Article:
- 1993-9019 (online)
This series is designed to make available to a wider readership selected studies drawing on the work of the OECD Directorate for Education. Authorship is usually collective, but principal writers are named. The papers are generally available only in their original language (English or French) with a short summary available in the other.
How Technology Changes Demands for Human Skills
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- Frank Levy1
- Author Affiliations
- 1: Massachusetts Institute of Technology, United States
- 05 Mar 2010
- Bibliographic information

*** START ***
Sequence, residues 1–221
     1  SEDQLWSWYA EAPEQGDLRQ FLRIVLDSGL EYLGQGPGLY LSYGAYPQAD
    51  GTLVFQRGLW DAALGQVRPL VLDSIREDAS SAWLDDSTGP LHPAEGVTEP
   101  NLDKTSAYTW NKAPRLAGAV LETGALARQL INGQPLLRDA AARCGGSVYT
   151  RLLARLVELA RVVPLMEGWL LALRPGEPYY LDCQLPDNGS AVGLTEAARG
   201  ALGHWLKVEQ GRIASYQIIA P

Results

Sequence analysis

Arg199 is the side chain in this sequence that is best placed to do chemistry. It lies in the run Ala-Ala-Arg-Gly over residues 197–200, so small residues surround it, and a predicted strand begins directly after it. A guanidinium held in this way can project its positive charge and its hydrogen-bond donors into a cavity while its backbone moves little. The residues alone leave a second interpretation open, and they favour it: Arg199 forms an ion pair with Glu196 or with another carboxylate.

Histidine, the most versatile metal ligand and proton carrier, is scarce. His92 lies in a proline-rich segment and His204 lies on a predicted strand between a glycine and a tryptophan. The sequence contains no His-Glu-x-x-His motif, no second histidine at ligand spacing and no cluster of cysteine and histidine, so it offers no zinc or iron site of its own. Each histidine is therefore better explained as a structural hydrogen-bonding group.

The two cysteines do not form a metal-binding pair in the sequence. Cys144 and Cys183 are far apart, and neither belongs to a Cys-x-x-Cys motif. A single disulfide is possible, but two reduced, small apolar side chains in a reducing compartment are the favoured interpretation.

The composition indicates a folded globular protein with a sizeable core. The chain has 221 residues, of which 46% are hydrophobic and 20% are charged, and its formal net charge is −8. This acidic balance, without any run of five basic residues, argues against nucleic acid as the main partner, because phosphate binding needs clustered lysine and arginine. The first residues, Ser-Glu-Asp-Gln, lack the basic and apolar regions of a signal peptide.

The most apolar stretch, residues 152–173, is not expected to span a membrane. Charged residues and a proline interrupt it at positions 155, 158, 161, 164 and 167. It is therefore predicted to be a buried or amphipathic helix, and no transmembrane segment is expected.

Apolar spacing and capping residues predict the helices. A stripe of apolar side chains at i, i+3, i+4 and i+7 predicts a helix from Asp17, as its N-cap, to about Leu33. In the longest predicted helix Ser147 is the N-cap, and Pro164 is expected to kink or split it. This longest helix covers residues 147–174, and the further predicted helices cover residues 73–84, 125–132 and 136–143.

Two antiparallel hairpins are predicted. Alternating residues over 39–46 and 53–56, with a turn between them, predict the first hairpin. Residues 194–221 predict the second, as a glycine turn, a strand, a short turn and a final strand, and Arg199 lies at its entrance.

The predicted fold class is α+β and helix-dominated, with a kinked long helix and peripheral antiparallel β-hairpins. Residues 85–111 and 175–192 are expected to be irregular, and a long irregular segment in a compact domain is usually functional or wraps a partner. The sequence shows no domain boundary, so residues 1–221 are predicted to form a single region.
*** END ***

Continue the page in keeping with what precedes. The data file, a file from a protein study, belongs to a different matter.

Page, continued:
This paper places the competencies to be measured by the OECD’s Programme for the International Assessment of Adult Competencies (PIAAC) in the context of the technological developments which are reshaping the nature of the workplace and work in the 21st century. The largest technological force currently shaping work is the computer. Computers are faster and less expensive than people in performing some workplace tasks and much weaker than people in performing other tasks. On the basis of an understanding of the kinds of work computers do well, it is possible to describe the work that will remain for people in the future, the skills that work requires and the way that computers can assist people in performing that work. The paper argues that a technology-rich workplace requires foundational skills including numeracy and literacy (both to be tested in PIAAC), advanced problem-solving skills or Expert Thinking (similar to the construct of Problem Solving in Technology-Rich Environments to be tested in PIAAC) and advanced communication skills or Complex Communication (not being tested in PIAAC).